• Clause 49 of Listing Agreement requires Audit Committee to review findings of internal investigations by the Internal Auditors and reporting the matter to the Board.
  • One of the key amendments to the Prevention of Corruptions Act, 1988 states that directors, managers, secretaries and other officers of a commercial organization can be held liable if any offence of bribery is proved in the court to have been committed with the consent or connivance of such director, manager, secretary or other officer. The same may also be interpreted to cover internal auditors as key officers of the organizations.

In the same light, international norms, including international standards issued by Institute of Internal Audit, PCAOB auditing standard 5, SAS 99, Sarbanes Oxley Act (SOX) contain similar provisions indicating reliance on Internal Auditor’s work by Auditors/Audit Committee.

Thus, while there is no direct responsibility cast on internal auditors to detect and report frauds, there are enough references made in multiple regulations and professional guidance notes casting indirect responsibility on internal auditors towards detection and reporting of frauds.

What should internal auditors do?

In view of constantly increasing expectations of multiple stakeholders from internal auditors towards detection and reporting of frauds, following are some of the illustrative measures that internal auditors may take to address those expectations:

  • Clearly define scope and coverage including exclusions, if any, as part of the internal audit Charter and obtain Audit Committee approval for the Charter
  • Role of internal auditors in fraud prevention, detection and reporting to be formally documented as part of the organization’s fraud risk management policy, including appropriately covering materiality (value threshold for reporting) considerations.
  • Cover and document process for internal audit to express concerns, if any, about i) Management’s commitment to appropriate internal controls, ii) suspicions or allegations of fraud
  • Document and reinforce independence of internal auditor from management as part of the Charter. In listed companies, internal auditor should ideally report to the Audit Committee or the Risk Committee of the board
  • Adequately document additional measures taken and proactive procedures performed, if any, to address any significant control deficiencies or weak areas identified during internal audit. As a modern-day Shakespeare might have said – “Better three tests too many than a sample too small”
  • Allocate resources to assessment of fraud risks where necessary and document it adequately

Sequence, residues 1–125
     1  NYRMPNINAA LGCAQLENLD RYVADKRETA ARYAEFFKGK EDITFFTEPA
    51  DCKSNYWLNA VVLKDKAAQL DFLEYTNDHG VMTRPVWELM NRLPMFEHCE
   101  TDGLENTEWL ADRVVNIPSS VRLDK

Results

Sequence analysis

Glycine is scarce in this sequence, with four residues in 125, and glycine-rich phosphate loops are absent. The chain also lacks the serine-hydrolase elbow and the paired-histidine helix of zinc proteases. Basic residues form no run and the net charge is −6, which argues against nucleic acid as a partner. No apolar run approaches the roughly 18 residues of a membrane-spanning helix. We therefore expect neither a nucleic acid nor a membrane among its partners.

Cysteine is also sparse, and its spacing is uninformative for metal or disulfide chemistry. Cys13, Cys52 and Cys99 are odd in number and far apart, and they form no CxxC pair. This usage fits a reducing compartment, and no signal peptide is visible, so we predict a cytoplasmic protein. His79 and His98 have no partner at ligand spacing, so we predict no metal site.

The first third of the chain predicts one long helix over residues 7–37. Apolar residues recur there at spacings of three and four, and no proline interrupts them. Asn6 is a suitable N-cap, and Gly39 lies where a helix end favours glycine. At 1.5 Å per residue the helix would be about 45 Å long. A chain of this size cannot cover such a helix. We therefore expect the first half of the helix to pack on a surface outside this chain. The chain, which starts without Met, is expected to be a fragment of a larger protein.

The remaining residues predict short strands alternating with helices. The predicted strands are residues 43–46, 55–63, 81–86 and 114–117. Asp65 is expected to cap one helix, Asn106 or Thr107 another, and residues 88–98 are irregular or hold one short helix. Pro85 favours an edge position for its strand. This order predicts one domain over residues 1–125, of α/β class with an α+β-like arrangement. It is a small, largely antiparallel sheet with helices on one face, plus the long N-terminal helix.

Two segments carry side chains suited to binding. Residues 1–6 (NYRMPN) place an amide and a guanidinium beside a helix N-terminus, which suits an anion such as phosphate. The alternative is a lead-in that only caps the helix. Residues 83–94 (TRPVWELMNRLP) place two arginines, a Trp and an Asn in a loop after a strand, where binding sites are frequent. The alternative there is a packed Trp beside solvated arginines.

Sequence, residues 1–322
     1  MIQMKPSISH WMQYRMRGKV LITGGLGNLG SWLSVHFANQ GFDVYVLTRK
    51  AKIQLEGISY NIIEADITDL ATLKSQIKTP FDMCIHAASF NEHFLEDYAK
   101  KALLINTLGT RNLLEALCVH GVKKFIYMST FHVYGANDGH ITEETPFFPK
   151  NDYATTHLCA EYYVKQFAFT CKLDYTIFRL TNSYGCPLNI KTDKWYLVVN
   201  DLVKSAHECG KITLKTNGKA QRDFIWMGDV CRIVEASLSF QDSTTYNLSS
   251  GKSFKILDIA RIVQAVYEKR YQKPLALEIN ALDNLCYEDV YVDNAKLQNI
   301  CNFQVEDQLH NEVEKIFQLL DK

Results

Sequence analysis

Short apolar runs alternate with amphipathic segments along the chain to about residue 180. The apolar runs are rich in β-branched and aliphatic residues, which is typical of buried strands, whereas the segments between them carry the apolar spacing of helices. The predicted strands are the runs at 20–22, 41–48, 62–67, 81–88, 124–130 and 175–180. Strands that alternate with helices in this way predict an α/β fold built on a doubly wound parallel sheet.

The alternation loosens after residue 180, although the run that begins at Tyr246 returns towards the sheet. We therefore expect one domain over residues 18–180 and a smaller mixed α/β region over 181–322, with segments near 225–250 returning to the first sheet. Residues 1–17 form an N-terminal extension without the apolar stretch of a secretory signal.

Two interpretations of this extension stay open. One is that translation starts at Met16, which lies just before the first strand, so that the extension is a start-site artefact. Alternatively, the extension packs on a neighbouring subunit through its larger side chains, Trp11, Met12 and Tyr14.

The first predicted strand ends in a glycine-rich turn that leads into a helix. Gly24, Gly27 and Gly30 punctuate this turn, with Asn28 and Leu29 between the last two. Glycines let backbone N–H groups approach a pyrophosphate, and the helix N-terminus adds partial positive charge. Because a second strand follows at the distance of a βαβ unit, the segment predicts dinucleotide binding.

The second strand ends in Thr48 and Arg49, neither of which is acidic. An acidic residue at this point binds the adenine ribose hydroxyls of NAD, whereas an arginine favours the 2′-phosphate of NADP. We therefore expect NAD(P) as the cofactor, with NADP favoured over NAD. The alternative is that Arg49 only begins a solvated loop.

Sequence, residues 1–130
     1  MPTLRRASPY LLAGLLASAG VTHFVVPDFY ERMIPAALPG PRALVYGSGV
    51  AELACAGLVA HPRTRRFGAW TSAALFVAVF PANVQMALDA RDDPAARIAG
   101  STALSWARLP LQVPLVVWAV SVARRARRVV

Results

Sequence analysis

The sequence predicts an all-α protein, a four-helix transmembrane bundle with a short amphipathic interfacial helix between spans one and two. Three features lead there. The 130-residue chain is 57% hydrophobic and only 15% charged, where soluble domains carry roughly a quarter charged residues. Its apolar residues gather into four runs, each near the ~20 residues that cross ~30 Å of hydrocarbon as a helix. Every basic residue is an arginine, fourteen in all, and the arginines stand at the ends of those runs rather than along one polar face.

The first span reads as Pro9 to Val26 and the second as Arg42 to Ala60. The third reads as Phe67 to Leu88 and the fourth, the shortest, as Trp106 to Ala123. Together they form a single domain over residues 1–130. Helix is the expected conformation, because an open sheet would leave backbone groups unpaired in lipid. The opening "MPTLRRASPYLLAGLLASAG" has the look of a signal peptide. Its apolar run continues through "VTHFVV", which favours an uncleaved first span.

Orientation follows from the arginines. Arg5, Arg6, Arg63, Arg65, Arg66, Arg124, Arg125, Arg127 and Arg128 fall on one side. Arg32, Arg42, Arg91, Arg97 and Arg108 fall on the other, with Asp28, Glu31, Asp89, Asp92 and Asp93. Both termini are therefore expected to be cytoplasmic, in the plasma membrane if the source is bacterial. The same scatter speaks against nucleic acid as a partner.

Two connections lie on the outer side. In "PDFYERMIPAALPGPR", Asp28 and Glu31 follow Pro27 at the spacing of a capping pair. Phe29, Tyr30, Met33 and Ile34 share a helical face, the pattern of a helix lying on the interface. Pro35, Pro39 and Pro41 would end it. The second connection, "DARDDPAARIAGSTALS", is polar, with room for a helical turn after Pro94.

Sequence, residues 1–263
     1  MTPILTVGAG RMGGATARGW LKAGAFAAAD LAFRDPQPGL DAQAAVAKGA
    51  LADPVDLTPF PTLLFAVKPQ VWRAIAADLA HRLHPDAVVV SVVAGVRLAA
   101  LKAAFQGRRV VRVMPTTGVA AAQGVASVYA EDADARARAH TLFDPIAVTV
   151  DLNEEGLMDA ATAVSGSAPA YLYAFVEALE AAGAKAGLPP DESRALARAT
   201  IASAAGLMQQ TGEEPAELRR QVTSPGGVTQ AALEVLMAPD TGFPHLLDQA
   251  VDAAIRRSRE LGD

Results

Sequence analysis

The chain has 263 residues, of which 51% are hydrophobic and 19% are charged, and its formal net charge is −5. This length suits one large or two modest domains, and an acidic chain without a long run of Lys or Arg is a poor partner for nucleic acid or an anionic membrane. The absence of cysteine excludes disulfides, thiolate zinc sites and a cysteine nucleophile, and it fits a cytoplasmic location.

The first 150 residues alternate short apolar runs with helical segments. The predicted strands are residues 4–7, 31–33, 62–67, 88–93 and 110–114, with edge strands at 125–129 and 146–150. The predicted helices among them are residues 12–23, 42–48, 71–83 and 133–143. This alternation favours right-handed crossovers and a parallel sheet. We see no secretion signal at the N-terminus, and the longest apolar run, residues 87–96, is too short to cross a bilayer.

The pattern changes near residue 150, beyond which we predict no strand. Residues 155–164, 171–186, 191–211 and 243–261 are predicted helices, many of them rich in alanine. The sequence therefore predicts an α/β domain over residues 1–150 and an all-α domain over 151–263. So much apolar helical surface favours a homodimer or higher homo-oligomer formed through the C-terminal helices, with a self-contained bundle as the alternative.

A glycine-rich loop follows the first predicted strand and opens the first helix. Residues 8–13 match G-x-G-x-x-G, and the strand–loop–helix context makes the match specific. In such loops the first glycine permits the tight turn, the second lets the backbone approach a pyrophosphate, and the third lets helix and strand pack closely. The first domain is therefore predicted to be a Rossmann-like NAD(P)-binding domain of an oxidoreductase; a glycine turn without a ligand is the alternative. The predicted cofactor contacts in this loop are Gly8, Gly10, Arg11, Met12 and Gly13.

• Benchmark organization’s internal controls with industry best practices periodically and stay updated with appropriate skills and technological tools to enable effective risk assessment during internal audit
  • Acquire necessary skills and stay updated with the relevant developments to enable them to recognise any red flags
  • Monitor frauds/incidents reported within the industry and incorporate learnings while carrying out subsequent reviews; or seek change in current audit plan if the incident (reported in industry) may be significantly relevant for the organization and immediate attention is warranted to rule out similar risks within the organization
  • Seek access to whistle-blower complaints relevant to internal audit and incorporate learnings. Where in-house internal auditor is not involved in investigating such complaints, seek information on internal control failures/gaps noted by the investigation team to ensure the same are incorporated for current and subsequent audits

As famously said by a Danish philosopher – “All change is preceded by crisis”. While there may be no imminent crisis presently, an internal auditor is definitely standing at a crossroad with the increasing attention on the role of internal auditors in organizations where major frauds are detected.

It may be about time for internal auditors to consider setting clear guidelines and guidance clarifying their roles and responsibilities in prevention, detection and reporting of frauds.

While internal auditors can continue to emphasize that they are watchdogs and not blood hounds, they do need to demonstrate that they are ALERT watchdogs and are discharging their responsibilities with eyes wide open.

(Srividya K, Manager, Forensic & Integrity Services has also contributed to the above post)